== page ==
Lentigines are shallow, primarily located in the epidermis. They can be congenital or acquired as a result of overexposure to UV radiation. They have various shades of brown colour. They can be scattered in large numbers on the back, chest, skin of the hands, face, forearms, or other areas. Compared to freckles, they are larger, darker, and more demarcated and do not tend to darken in the sun. They can develop into malignant lentigines. They increase with age and are a result of photoaging of the skin.


Chloasma (melasma, "mask" of pregnancy) is one of the most common acquired skin discolorations of the face. It predominantly affects women (90%), but it also occurs in men (10%) of all ethnic and racial groups. Irregular patches, ranging from light brown to dark brown, sometimes even black. May appear on different areas of the face, e.g., upper lip, cheeks, nose, forehead, neck. The main inducing factor is ultraviolet radiation. The cause is genetic, hormonal changes associated with pregnancy, menopause, hormonal contraception, thyroid disease, adrenal disease, chronic liver disease. Occasionally, chloasma that developed during pregnancy may resolve spontaneously. Unfortunately, this cannot be said when chloasma arises due to hormonal therapy, such as contraception - then it does not show such a tendency.

Post-inflammatory hyperpigmentation

Postinflammatory hyperpigmentation (PHI) develops due to inflammatory diseases such as atopic dermatitis (AD), acne vulgaris, psoriasis, lichen planus, contact dermatitis, impetigo, folliculitis, or even insect bites. They may also occur as a result of complications following poorly performed chemical peel or laser treatments. The frequency of their occurrence decreases with age. It also happens that they can disappear on their own, but unfortunately, this happens rarely.

Drug-induced hyperpigmentation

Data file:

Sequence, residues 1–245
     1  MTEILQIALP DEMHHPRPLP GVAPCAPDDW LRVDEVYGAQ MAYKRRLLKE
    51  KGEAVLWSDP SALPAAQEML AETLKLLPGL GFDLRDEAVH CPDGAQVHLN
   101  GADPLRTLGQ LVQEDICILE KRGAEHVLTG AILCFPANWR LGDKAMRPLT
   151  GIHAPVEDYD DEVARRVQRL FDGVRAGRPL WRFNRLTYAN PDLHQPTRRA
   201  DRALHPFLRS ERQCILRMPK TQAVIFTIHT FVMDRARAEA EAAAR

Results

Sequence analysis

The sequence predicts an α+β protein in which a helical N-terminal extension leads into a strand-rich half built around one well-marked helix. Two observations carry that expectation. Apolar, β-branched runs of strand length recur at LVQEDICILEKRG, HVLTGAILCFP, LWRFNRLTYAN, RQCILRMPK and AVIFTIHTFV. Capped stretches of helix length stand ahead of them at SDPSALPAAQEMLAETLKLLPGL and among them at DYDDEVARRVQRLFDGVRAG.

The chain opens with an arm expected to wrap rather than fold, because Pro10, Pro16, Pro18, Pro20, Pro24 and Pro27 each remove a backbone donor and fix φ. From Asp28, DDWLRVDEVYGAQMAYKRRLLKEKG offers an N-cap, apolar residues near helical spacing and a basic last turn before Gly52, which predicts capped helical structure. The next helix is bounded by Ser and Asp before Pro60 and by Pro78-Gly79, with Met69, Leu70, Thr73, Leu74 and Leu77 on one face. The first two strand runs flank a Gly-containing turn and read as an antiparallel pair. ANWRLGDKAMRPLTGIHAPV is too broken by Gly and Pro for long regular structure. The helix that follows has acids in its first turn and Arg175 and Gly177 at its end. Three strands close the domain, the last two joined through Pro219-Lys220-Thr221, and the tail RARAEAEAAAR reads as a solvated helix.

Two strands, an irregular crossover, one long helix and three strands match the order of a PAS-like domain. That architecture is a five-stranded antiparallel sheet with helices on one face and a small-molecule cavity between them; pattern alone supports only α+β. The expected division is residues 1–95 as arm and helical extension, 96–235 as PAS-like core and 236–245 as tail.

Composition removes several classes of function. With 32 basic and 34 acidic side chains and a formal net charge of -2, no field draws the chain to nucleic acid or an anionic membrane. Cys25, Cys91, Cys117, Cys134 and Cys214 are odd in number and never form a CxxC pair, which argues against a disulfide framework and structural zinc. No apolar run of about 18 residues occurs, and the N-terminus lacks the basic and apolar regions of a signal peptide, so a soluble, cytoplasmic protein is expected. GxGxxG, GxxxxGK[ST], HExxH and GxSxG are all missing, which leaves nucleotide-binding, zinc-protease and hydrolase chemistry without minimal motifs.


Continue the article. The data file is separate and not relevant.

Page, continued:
Drug-induced hyperpigmentation (postmedicamentosum hyperpigmentation) occurs due to interactions between the drug, its metabolites, and melanin. They are also often induced by ultraviolet radiation.


Breloque dermatitis is hyperpigmentation most commonly found on the skin of the décolleté and neck. It is often caused by the phototoxic effects of perfumes, such as bergamot oil found in perfumes.

Perioral and periorbital melanosis

Perioral and periorbital melanosis occurs due to resolution of inflammation (e.g., perioral dermatitis) or under UV exposure (phototoxic effect). It is most often permanent. The characteristic feature is the shoulder discolouration around the mouth.

How to get rid of skin discolouration?

The therapeutic procedure depends on the type of hyperpigmentation, i.e., how deep the pigment is located (i.e., whether it is epidermal, dermal, or mixed).

It is beneficial to combine the treatment of hyperpigmentation in a beauty salon (e.g., lasers, chemical peels, etc.) and home care.

Treatment is time-consuming, requires patience, and, unfortunately, does not always bring the full effects. In the meantime, you must apply complete sun protection systematically throughout the year.

It is vital to take an honest approach and systematically apply the products recommended by your beautician or dermatologist at home. Unfortunately, lesions can return at any time. What's more, new lesions can appear as a result of UV rays if you neglect photoprotection. Causal factors, such as hormonal changes, can also contribute.

Ingredients that have a brightening effect include kojic acid, azelaic acid, aloe vera, orchid extract, vitamin C, retinoids (retinoic acid is photosensitive, so use it only in autumn and winter), lactic acid, glycolic acid, niacin (niacinamide), liquorice (glabridin), bearberry (arbutin).

How to prevent hyperpigmentation?

Avoid overexposure to UV rays, and remember to use a high sunscreen.

If your skin is inflamed, such as acne, do not scratch or squeeze blemishes - this will minimise the appearance of post-inflammatory hyperpigmentation.

Read the ingredients of medicines and cosmetics - usually, the leaflets contain information about the possibility of discolouration, so you will know to use a stronger sunscreen during treatment.

Get tested and check what is happening with your thyroid, liver, and adrenal glands.

Watch what herbal teas you drink; check the ingredients of your supplements carefully.

Keep your eyes open for everything, especially if you are prone to hyperpigmentation. And most importantly, use the sun with caution and in moderation. Of course, we all crave the sun, especially after winter. The sun gives us energy and induces the formation of vitamin D.

However, the use of the sun must be kept in balance. Applying sunscreen every day, wearing baseball caps or hats is essential. By remembering to do this, you will also slow down the ageing process, so your skin will continue to look younger and healthier.

All these rules are so necessary to eliminate or inhibit, to some extent, the appearance of hyperpigmentation is the only way to go. There are no excuses that you don't like sunscreen, and you love the sun. After the summer, you will start to panic because spots will begin to appear. Every step, every preventative action is essential.